Tag Archives: Real Estate Investment

High Expectations and Predictions: Why Most Broker Proformas Do Not Matter

I envision billions!


When demand heats up, so do asking prices:

Many sellers these days are waiting to trade their properties at–or above–the asking price. When demand is up, the asking price is typically influenced by an over-enthusiastic market environment. This is especially true in multifamily right now, because it’s in demand. When demand increases, so does the willingness to pay a higher price; it’s the law of supply and demand at play. In support of the highest possible sales price, a broker–with input from the seller–will put together a proforma income and expense statement to justify the asking price. A proforma is only as good as the assumptions used to create it.

The problem with most broker proformas:

The biggest problem with most broker proformas is that they typically do not take into consideration the total cost of acquiring, operating, maintaining, and selling the asset when the holding period ends; without this information, a true assessment of investment value will be difficult to achieve. The success of a real estate investment depends on 4 major things (1) it’s basis, (2) it’s financing, (3) it’s management, and (4) it’s cost at disposition. Because of these facts, the risk profile of real estate—as an asset class—is higher than a treasury bill, for example.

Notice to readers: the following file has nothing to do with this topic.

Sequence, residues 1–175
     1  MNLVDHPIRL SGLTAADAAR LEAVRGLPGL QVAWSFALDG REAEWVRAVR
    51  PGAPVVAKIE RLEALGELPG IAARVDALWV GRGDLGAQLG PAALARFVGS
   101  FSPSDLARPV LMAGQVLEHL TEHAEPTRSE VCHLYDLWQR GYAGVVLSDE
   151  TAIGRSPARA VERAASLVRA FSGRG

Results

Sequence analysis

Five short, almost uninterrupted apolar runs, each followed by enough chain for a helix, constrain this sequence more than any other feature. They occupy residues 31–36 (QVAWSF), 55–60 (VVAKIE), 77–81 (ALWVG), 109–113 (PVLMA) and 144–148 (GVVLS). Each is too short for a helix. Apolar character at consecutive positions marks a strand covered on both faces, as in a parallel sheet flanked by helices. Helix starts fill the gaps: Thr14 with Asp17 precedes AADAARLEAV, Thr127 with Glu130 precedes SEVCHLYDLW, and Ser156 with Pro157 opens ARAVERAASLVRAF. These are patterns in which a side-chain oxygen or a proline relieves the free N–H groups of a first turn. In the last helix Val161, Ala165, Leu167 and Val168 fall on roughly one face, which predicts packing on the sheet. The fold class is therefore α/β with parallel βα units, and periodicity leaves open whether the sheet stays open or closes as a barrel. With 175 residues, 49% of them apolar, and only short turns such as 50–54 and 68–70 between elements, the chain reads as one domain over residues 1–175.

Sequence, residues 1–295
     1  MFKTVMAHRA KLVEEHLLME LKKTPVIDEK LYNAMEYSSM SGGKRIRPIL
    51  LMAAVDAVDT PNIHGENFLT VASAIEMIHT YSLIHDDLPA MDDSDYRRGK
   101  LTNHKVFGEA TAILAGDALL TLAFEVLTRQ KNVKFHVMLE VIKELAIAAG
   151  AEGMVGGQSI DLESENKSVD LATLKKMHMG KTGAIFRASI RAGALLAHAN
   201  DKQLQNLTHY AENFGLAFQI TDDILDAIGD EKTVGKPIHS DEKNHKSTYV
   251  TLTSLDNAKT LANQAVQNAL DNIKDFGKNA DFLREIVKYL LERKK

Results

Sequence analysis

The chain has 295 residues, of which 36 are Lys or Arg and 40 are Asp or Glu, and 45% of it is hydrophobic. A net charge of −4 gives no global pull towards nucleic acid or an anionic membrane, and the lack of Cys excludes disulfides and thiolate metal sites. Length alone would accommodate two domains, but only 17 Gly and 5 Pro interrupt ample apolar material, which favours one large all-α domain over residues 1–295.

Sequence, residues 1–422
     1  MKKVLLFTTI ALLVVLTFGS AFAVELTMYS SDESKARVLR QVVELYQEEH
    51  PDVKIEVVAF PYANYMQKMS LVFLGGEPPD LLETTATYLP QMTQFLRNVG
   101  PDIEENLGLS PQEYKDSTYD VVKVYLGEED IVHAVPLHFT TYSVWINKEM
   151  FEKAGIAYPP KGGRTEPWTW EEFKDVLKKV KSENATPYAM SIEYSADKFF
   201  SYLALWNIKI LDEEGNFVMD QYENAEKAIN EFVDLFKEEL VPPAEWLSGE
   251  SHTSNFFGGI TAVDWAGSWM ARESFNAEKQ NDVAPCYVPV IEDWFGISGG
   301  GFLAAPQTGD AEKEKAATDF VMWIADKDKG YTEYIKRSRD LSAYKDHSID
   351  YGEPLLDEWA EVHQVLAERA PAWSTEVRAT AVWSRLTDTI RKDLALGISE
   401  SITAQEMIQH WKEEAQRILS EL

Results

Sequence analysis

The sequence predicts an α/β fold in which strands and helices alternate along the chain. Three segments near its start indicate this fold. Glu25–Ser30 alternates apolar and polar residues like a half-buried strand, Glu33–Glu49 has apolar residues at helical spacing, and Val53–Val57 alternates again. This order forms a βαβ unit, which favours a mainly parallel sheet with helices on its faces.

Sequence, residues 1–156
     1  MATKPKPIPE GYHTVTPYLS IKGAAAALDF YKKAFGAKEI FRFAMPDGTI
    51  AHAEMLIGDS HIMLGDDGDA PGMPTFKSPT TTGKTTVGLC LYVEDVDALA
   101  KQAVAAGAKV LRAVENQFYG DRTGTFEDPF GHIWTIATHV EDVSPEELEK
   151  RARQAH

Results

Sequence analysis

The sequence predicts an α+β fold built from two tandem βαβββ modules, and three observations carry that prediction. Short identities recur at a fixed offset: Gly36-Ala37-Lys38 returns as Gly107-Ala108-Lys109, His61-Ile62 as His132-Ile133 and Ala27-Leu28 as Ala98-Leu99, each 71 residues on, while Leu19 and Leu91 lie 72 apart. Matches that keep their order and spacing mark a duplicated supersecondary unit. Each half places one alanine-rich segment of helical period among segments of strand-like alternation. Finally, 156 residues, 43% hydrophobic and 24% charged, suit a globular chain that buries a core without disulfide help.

With a higher risk profile, a higher rate of return is justified for taking on the increased risk. Therefore, an internal rate of return of 14 or 15% before taxes is a reasonable expectation for properties like multifamily; unless you are reducing your returns in order to accommodate an equity partners’ required rate of return. An investment that offers a low return for higher risk is an investment not worth undertaking because of its inadequate compensation.

Games people play

Brokers will give you proformas without taking into account the true cost of ownership including acquisition and disposition costs. It is a half-ass approach, and half-baked idea, and yet brokers–along with some sellers–do this all of the time. In my own deals, I make it a point to explain why my offers are not where they want it to be. Typically, when I do this, they can see the logic. The reactions I get will vary depending on the character and personality of the person I am dealing with; for example, one broker’s voice suddenly went up an octave as he started talking really fast to get off the phone with me, and then never returned my phone calls or emails.

In another instance, a broker blatantly lied to me arguing that she had already received an LOI from an interested buyer at the “minimum price” the seller was supposedly willing to accept. When I withdrew my company’s interest, the truth came out. For this reason, we have had to incorporate a policy to only deal  with decision-makers directly in order to avoid the greedy and costly games that some people will play in the middle of a deal to milk the most fees and commissions they can from it.

Good Advice from Colorado Springs Apartment Investor: Deeper Analysis of a Potential Apartment Purchase


Deeper Analysis of a Potential Apartment Purchase

By Les Goss